July 11, 2012 at 2:58 PM ET
New malware that is spread via the Web, and is operating system-agnostic, has been discovered by researchers at F-Secure.
The malware uses social engineering by showing this "warning" (top version shown here is for Windows, the bottom is for Mac) when a user visits the tainted page and gets the "warning."
It doesn't matter which operating system you're using, says F-Secure; the file first "checks if the user's machine is running in Windows, Mac or Linux then downloads the appropriate files for the platform."
The payload? "Once it has found out which operating system you are running, the Java class file will download the appropriate flavor of malware, with the intention of opening a backdoor that will give hackers remote access to your computer," writes Sophos Security's Graham Cluley on that company's blog.
Topher Kessler of CNET's Blog Network notes that if "at any point you see a program, applet, or other resource attempt to use a self-signed certificate, then be sure you personally trust the source before using it (i.e., it is from a server you own or manage)."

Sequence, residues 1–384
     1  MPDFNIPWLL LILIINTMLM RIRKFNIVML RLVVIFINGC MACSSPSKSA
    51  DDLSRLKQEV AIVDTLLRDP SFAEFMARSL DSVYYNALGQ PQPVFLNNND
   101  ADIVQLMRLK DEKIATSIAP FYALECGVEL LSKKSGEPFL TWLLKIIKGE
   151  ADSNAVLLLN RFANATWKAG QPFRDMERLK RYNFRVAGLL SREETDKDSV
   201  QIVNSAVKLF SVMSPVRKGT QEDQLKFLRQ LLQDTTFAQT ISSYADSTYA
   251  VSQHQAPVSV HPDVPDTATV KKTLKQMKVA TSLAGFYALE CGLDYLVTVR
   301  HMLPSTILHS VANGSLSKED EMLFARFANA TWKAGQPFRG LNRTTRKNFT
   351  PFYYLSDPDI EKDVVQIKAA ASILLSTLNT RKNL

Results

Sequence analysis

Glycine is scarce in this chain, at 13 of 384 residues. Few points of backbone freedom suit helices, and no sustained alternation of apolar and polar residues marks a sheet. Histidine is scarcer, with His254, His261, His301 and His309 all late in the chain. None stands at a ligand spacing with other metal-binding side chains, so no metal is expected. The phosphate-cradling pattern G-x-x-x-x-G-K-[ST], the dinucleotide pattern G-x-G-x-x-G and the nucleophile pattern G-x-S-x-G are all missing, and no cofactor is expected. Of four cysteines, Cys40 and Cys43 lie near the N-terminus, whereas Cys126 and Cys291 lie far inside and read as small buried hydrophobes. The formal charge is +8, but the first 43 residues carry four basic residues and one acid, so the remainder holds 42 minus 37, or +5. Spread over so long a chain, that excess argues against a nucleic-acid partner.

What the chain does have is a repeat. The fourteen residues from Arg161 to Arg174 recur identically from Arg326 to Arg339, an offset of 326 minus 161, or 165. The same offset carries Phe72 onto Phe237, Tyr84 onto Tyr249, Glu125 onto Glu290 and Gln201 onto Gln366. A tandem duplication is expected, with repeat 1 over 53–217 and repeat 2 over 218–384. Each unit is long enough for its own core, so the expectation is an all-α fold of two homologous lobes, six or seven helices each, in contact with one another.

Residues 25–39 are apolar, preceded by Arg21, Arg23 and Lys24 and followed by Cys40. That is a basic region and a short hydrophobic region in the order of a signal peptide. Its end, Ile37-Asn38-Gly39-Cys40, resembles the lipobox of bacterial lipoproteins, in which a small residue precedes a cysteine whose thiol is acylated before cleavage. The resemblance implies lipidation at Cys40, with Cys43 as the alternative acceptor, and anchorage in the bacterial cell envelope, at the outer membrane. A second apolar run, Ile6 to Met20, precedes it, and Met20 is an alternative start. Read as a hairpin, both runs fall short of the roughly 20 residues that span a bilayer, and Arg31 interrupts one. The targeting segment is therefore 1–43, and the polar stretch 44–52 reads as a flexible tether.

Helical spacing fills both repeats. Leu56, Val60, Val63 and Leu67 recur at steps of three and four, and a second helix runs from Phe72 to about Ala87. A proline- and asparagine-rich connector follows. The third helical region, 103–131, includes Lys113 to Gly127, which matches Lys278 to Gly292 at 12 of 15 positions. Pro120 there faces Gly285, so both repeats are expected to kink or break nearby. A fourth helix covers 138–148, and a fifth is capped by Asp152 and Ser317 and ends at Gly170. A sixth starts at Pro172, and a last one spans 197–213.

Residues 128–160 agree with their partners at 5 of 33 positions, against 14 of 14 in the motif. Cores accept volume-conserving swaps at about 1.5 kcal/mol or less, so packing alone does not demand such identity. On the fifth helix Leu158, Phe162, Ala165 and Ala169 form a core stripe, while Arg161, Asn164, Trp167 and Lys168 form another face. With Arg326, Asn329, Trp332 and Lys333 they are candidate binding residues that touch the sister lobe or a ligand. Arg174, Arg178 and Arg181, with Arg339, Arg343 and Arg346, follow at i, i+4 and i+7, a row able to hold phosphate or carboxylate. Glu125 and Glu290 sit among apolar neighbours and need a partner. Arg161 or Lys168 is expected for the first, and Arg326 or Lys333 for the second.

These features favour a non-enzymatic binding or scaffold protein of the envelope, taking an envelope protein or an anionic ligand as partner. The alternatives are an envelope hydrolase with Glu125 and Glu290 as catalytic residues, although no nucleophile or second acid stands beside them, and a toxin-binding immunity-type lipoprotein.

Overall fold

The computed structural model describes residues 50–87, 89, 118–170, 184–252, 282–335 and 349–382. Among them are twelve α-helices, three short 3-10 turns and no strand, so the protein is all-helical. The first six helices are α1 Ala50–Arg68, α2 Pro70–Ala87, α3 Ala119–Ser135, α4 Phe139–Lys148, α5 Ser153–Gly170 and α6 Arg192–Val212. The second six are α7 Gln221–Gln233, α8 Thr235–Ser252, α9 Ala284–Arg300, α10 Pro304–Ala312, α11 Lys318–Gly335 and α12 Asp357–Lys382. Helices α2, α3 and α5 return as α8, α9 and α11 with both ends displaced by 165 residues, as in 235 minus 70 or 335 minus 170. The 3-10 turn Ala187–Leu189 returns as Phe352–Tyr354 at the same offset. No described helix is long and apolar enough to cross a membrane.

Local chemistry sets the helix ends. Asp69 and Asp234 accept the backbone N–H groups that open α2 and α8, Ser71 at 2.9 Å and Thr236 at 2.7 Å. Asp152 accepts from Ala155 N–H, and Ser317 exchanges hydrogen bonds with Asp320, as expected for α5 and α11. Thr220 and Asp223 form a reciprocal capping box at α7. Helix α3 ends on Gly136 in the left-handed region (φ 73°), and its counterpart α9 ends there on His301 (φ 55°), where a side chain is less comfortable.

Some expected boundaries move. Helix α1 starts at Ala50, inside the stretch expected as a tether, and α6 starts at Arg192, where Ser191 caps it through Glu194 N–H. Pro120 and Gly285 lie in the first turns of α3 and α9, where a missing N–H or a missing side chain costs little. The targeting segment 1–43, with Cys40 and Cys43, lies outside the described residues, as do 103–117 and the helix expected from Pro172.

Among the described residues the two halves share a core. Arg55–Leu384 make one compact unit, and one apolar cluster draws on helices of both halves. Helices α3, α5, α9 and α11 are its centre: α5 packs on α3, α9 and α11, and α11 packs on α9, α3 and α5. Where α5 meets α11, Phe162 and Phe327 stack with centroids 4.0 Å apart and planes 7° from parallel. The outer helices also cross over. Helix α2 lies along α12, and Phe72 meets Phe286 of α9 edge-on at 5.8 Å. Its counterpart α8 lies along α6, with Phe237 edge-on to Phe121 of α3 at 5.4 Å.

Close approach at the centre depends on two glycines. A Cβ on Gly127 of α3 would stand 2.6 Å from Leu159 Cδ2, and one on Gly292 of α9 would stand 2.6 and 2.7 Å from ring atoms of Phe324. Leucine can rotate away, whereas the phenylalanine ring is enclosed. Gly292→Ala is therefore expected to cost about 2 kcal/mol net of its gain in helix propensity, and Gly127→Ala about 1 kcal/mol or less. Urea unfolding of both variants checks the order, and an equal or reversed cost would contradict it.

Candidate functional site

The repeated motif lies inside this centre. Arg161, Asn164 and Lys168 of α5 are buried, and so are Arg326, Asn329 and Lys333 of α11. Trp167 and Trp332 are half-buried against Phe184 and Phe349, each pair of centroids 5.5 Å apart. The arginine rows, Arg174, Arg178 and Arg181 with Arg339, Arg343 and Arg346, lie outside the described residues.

Legitimate vendors will "use certificates signed by an authority like VeriSign, which authenticates to the root certificates in your system to ensure applets and other transactions with the service are legitimate and secure," he writes.
Cluley notes that this "isn't, of course, the first cross-platform malware that we have seen. For instance, in 2010 we saw the Boonana malware which similarly used a malicious Java applet to deliver a cross-platform attack that attempts to download further malware on Windows, Unix and Mac OS X."
With more malware attacks on Apple's OS in the past year, and ongoing strikes against Windows-based systems, "although the amount of malware written for different operating systems can vary, it's becoming increasingly hard to argue on any OS that it's safe to surf the Web without anti-virus protection," Cluley wrote. And it's hard to argue with that.